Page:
Take a look at the full West End Burn Book here. Could you do better? They’re looking for the best ‘burns‘ for some of the other characters in London theatre and you might even get added into the book itself.

10 of my top moments of the decade

Ever behind the curve, I present 10 of my top moments in a theatre over the last ten years (plus a few bonus extra ones because whittling down this list was hard, and it will probably be different tomorrow anyway!)

© James Bellorini

Extraordinary Public Acts for a National Theatre

The establishment of the Public Acts programme at the National Theatre offered up something sensational in Pericles, an initiative designed to connect grassroot community organisations with major theatres, resulting in a production that swept over 200 non-professional performers onto the stage of the Olivier to create something that moved me more than 99% of professional productions.  A truly joyous and momentous occasion. 

Honourable mention: this year’s musical take on As You Like It proved just as heart-swellingly beautiful over at the Queen’s Theatre Hornchurch. Continue reading “10 of my top moments of the decade”

Film Review: Nativity Rocks! (2018)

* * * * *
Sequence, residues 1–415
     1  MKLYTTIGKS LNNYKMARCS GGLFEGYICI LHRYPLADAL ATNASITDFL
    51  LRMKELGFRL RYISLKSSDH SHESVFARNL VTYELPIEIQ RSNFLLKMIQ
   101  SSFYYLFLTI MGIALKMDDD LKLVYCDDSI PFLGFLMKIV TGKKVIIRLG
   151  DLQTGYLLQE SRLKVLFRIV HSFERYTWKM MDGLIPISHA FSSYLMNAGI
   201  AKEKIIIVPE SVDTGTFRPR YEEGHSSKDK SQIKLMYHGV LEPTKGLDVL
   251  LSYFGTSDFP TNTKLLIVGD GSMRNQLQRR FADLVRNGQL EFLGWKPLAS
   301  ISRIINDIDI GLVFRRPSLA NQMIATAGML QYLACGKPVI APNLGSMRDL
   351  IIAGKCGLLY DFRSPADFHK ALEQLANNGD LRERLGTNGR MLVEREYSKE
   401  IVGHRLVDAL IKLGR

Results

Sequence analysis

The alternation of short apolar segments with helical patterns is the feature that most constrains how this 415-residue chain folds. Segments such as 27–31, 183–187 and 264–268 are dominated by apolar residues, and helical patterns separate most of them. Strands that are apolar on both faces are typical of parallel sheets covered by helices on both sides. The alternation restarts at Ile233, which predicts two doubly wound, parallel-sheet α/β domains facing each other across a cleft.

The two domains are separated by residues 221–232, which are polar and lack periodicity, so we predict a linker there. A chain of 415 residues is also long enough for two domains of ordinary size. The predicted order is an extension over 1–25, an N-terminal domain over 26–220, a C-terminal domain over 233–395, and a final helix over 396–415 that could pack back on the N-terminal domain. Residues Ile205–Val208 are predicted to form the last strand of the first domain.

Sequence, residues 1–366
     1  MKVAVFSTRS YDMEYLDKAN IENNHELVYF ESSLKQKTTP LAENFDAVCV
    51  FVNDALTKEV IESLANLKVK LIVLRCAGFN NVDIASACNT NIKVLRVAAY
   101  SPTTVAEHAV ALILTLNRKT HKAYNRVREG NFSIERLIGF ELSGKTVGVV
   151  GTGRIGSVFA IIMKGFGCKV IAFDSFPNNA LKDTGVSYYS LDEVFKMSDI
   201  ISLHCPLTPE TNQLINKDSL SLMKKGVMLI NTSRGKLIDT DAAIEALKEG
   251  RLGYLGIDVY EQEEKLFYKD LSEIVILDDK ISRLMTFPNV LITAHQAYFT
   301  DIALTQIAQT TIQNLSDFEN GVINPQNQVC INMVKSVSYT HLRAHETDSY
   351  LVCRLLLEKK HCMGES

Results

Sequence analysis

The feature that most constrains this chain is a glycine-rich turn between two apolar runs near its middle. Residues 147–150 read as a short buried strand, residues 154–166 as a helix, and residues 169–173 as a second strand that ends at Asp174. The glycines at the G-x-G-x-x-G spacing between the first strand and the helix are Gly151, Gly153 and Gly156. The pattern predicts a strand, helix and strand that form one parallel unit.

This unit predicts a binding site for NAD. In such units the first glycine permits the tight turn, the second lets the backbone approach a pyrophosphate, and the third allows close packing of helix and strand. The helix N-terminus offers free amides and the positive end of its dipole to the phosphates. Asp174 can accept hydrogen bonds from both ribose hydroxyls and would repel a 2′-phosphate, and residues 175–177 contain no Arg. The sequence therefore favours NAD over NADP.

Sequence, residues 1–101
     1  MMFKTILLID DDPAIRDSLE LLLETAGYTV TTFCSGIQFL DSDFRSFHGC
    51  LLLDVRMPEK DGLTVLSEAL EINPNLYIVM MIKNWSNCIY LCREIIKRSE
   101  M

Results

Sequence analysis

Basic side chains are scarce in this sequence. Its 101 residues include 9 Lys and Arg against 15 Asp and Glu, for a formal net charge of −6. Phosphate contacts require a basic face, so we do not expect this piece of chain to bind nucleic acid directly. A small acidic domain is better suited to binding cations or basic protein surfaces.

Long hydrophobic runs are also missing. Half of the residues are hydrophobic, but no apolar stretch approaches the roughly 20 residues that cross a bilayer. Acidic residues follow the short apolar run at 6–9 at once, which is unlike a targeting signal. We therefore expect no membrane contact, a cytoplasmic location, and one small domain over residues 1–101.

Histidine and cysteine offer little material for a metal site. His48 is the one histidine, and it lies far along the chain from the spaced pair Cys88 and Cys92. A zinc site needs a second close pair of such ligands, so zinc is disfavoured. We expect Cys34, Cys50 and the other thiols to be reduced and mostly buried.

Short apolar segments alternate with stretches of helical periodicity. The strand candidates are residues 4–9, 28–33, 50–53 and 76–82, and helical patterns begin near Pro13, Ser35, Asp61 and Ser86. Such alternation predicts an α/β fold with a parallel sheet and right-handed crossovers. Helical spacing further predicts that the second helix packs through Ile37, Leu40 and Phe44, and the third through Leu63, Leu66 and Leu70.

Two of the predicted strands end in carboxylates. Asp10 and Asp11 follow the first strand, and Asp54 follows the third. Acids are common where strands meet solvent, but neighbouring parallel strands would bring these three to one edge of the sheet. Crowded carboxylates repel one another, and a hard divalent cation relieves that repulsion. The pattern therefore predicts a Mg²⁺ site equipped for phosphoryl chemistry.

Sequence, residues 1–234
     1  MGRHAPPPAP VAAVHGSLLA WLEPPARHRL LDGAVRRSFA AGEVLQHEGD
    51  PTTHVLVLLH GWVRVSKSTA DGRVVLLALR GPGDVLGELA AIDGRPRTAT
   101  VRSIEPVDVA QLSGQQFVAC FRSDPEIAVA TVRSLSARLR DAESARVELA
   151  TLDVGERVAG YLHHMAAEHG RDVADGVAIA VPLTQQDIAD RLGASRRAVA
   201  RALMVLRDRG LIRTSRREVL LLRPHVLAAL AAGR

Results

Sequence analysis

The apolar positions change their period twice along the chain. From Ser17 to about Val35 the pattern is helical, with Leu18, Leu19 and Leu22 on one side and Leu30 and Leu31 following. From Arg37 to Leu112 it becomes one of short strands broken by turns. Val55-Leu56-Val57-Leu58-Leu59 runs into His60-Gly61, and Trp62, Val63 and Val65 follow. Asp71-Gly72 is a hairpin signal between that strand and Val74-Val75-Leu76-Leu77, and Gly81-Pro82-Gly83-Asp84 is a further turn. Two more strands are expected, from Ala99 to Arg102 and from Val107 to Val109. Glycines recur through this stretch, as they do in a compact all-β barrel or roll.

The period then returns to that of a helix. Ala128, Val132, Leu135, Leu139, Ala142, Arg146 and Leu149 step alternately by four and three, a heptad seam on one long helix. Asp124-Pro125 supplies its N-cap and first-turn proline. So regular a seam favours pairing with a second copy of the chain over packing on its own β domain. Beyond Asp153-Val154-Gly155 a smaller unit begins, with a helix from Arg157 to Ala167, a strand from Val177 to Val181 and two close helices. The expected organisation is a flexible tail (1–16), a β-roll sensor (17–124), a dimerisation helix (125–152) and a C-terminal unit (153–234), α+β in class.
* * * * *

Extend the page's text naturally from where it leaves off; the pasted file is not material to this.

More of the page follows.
The fourth instalment in the Nativity film series, Nativity Rocks! restores a little of the goodwill squandered by the previous two sequels

“I’m wishing Father Christmas doesn’t forget where I live like he did last year”

I can’t think of a film franchise that has squandered such promise as the Nativity series. Debbie Isitt’s original film was such a sweetly unexpected success, but its magic sadly proved rather elusive as its subsequent sequels lost any of its sense of purpose or improvised charm. So the arrival of a third sequel in the shape of Nativity Rocks! (released in cinemas in 2018) came with a healthy dose of apprehension, even if the musical adaptation has rescued some of its lustre (though is that also now in danger of oversaturation , as the musical is now in its third consecutive winter tour).